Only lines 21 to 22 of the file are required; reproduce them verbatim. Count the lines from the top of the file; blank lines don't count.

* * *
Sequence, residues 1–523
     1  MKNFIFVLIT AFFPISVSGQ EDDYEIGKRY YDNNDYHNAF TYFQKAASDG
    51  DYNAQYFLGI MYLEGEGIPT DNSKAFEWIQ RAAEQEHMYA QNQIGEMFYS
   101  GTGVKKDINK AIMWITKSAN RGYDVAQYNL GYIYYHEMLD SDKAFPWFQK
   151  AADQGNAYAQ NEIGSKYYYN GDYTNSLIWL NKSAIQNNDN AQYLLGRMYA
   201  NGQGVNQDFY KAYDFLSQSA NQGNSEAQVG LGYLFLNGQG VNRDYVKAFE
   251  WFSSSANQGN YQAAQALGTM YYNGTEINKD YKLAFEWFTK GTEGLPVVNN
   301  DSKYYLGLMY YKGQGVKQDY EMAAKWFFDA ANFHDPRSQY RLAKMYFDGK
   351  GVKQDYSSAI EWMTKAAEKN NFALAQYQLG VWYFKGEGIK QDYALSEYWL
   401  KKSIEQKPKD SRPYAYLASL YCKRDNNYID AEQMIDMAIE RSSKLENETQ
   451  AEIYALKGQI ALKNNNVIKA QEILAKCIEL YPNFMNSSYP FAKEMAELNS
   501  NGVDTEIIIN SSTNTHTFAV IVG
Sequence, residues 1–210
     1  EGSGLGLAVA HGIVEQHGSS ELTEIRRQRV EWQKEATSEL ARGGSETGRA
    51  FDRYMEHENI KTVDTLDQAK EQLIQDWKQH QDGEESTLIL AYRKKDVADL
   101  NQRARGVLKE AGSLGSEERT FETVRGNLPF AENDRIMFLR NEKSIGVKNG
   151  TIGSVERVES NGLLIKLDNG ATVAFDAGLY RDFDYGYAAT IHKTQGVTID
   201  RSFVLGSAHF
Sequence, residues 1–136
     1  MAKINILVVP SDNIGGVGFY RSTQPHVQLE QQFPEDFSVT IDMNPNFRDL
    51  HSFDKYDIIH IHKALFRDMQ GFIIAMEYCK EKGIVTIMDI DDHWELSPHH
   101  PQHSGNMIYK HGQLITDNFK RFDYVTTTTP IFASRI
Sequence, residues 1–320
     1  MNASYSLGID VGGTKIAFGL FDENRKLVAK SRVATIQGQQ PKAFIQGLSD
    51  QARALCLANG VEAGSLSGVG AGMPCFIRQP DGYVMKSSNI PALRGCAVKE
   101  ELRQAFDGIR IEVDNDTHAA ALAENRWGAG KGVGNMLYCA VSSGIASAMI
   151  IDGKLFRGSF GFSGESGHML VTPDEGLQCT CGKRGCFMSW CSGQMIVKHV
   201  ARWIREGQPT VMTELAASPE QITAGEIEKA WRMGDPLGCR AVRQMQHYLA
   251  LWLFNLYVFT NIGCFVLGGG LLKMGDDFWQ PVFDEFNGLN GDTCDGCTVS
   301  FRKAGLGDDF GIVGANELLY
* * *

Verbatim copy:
    51  HSFDKYDIIH IHKALFRDMQ GFIIAMEYCK EKGIVTIMDI DDHWELSPHH
   101  PQHSGNMIYK HGQLITDNFK RFDYVTTTTP IFASRI